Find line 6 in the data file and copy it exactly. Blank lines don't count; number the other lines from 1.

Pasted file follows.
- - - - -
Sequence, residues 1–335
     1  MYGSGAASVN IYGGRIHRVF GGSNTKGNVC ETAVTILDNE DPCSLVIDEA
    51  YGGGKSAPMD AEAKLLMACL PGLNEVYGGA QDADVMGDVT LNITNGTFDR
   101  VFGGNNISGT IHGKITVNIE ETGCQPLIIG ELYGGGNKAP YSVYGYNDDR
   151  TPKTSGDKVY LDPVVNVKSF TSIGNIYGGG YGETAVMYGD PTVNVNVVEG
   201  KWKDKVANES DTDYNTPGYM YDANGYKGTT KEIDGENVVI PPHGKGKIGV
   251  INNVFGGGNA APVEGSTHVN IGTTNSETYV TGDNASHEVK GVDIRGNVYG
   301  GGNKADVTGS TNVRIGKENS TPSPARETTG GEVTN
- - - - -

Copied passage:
   201  KWKDKVANES DTDYNTPGYM YDANGYKGTT KEIDGENVVI PPHGKGKIGV